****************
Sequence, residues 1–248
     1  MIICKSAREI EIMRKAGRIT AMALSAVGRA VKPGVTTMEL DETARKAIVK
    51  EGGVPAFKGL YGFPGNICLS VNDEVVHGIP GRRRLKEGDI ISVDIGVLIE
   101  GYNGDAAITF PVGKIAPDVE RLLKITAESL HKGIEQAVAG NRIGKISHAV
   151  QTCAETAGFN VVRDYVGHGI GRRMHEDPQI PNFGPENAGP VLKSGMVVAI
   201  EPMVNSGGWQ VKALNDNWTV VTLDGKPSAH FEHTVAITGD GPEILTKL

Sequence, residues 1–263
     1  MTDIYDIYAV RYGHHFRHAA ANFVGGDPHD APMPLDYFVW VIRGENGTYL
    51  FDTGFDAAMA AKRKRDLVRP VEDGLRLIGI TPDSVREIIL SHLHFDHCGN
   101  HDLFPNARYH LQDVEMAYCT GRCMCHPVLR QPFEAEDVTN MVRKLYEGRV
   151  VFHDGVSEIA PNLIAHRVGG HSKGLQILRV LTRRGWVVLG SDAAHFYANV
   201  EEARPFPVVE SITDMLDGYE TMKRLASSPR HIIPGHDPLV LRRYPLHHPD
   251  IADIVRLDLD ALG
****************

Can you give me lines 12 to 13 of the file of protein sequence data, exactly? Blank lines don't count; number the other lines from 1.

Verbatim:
   201  EEARPFPVVE SITDMLDGYE TMKRLASSPR HIIPGHDPLV LRRYPLHHPD
   251  IADIVRLDLD ALG